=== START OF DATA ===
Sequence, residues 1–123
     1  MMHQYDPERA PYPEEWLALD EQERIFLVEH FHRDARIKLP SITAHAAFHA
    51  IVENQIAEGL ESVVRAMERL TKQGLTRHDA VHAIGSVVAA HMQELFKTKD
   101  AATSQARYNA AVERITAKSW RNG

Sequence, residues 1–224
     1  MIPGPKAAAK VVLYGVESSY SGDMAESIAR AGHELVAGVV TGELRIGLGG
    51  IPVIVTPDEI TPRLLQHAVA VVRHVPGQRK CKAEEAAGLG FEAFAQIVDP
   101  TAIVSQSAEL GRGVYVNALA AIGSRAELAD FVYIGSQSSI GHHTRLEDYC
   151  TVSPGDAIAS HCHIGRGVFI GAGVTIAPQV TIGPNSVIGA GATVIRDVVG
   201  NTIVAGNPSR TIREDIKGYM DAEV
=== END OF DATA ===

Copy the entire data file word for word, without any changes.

Sequence, residues 1–123
     1  MMHQYDPERA PYPEEWLALD EQERIFLVEH FHRDARIKLP SITAHAAFHA
    51  IVENQIAEGL ESVVRAMERL TKQGLTRHDA VHAIGSVVAA HMQELFKTKD
   101  AATSQARYNA AVERITAKSW RNG

Sequence, residues 1–224
     1  MIPGPKAAAK VVLYGVESSY SGDMAESIAR AGHELVAGVV TGELRIGLGG
    51  IPVIVTPDEI TPRLLQHAVA VVRHVPGQRK CKAEEAAGLG FEAFAQIVDP
   101  TAIVSQSAEL GRGVYVNALA AIGSRAELAD FVYIGSQSSI GHHTRLEDYC
   151  TVSPGDAIAS HCHIGRGVFI GAGVTIAPQV TIGPNSVIGA GATVIRDVVG
   201  NTIVAGNPSR TIREDIKGYM DAEV